Against Obscurity

by Doc Coleman on July 17, 2013 · 2 comments

in Asides

Time for a little mid-summer ramble.

Sometimes, when you’re a writer among a group of writers, it seems like you have the most fantastic community of like minds to draw upon. Other times, it seems like everyone is totally ignoring you. The oddest part is that, on the average, both of these extremes are true. We are writers, so we are a community of like minds. We support each other. We will promote each other’s projects. We’ll give up our blog space to guest posts and promotional opportunities. We’ll give advice, and share techniques and resources. We’ll challenge each other to friendly competition. We’ll even buy each other’s books, or pledge funds to each other’s Kickstarters. But do you know what is the single most difficult thing to get another writer to do in support of your project? The single thing they are least likely to do?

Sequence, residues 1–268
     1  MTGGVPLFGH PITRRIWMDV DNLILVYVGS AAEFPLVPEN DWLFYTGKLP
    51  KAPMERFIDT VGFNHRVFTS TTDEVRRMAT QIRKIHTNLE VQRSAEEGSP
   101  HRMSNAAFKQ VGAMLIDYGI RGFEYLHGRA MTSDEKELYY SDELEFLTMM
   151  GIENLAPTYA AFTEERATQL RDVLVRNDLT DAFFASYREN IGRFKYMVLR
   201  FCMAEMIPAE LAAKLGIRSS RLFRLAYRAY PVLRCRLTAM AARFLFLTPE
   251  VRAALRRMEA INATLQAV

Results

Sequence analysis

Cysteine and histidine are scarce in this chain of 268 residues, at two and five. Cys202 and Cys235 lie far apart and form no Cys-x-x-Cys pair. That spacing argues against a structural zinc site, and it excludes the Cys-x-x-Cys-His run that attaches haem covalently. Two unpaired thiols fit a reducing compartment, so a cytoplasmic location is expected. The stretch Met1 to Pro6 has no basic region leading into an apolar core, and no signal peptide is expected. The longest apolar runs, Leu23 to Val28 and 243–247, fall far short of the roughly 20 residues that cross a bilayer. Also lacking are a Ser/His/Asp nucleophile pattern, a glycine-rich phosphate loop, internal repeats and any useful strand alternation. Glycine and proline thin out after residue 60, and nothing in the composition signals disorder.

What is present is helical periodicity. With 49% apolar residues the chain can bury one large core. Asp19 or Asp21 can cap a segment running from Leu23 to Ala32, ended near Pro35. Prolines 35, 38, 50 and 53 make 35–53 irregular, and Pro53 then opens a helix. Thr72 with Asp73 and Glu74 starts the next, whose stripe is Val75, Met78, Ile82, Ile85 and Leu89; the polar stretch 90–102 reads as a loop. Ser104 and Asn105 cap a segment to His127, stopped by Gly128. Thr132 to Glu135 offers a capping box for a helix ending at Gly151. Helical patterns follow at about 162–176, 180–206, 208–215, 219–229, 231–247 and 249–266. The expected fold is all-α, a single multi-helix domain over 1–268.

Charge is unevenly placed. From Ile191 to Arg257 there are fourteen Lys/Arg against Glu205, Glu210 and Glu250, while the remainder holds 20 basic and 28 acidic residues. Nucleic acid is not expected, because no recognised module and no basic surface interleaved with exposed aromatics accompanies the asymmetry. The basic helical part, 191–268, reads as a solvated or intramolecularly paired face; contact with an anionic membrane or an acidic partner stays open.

Read it.

Sounds insane, doesn’t it?

The grip of obscurity is strong, and it relinquishes what it has grasped very grudgingly. It is obscurity that all writers are truly fighting. So why is it so hard to get us to read each other’s work? Because it cuts into our time. Our reading time. Our writing time. Our family time. I’d say our sleep time, but we’re writers, we gave that up long ago.

So what put me on this tear?